Megan:“The character is one of the most important things. For me it is the feeling that they are thinking about you. Being able to build their trust and work with them in the long run. Gaits are important. I look for the mechanics of the gaits more than the fancy movement. Walk is the biggest naturally gifted gait they have.”

Brittany: “They (the other panelists) have said everything. It is hard. You have to be patient. A lot of people are looking for the same thing; a beautiful horse with a great mind and great gaits.  They are all expensive and we all want that horse to work out.”

? Many top equestrians have a string of horses. Where is the next one?

Brittany. “I’m in a shopping phase looking for younger horses.”

Lindsay: “I have 3 at the moment. The eldest is showing talent for the GP. Next one is doing Prix St.George. He is a big horse and it has been a struggle to get him up the levels. He is 18 hh and you have to be patient. But he has the talent.   I also have a 7 year old. I’m looking forward to bringing her up.”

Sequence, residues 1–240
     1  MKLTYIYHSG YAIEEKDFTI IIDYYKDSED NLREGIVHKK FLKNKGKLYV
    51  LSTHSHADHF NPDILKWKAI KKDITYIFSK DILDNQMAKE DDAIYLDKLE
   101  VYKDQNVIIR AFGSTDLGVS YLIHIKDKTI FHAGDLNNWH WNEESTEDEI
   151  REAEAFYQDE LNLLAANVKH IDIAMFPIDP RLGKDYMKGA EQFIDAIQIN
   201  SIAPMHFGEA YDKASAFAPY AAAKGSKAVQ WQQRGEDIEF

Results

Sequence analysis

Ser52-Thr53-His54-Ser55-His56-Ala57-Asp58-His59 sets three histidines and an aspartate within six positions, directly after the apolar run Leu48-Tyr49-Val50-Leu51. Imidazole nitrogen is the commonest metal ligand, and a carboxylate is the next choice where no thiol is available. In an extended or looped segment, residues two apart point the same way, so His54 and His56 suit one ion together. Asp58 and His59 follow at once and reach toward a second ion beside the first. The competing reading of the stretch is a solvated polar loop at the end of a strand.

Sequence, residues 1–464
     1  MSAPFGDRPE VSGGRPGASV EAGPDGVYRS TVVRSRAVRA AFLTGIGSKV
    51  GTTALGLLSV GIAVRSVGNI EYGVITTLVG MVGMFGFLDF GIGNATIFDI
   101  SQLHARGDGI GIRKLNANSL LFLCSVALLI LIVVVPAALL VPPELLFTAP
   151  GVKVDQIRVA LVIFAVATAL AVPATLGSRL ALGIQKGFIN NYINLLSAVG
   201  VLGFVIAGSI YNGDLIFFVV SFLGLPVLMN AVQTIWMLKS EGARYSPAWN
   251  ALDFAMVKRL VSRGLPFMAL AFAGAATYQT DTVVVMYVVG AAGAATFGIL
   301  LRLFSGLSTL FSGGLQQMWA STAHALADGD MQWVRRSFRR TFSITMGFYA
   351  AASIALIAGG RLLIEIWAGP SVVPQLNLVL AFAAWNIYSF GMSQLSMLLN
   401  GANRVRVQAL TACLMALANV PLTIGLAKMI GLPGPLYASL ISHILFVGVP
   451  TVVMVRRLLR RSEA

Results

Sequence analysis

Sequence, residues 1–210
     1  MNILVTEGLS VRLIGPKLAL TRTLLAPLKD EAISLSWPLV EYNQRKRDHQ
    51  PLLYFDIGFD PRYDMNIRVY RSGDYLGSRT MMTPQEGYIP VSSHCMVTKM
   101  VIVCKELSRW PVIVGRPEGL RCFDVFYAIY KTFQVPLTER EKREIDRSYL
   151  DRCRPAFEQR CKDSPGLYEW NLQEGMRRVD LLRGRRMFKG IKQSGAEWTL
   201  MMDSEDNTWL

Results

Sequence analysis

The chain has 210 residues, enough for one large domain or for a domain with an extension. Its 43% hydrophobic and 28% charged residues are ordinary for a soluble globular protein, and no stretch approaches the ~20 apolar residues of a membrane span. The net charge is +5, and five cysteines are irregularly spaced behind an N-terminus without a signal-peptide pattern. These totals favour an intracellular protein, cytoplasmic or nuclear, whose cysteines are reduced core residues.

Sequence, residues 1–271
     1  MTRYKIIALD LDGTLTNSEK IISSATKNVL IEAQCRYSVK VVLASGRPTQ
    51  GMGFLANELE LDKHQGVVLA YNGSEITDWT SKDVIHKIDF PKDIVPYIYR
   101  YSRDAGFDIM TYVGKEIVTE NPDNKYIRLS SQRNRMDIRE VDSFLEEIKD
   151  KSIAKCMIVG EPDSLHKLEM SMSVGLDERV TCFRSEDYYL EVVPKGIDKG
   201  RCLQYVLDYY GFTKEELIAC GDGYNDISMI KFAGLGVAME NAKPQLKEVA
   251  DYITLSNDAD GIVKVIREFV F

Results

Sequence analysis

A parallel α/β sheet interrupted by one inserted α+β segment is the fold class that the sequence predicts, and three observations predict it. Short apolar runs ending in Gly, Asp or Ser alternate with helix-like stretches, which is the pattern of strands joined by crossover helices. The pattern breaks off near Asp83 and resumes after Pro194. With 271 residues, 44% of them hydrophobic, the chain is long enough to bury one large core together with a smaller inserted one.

Megan: “I am very fortunate to have DeerRidge supporting me. Denver who is 11 is closest to GP. I’ve worked with him for 5 years. I have an 8 year old and we are playing with GP stuff. He is also big so I’m taking my time with him. I have a 6 year old who is great fun to work with and a  5 year old who I hope to do some of the young horse classes with when things open up.

? What are your horses strengths, weaknesses and character?

Brittany: “All In. His size can be a challenge. When he is fresh he can be a bit of challenge. He has an incredible character and he tries and tries and tries and he always wants to please me. His extended trot is fun. He can be a bit quirky. He used to be terrified of music.  Even now at the Freestyle it’s like he says: “Are you ready for this? You better hold on.” We have a special bond and have traveled the world together.  I almost feel like he is my first child. It is a very special bond.”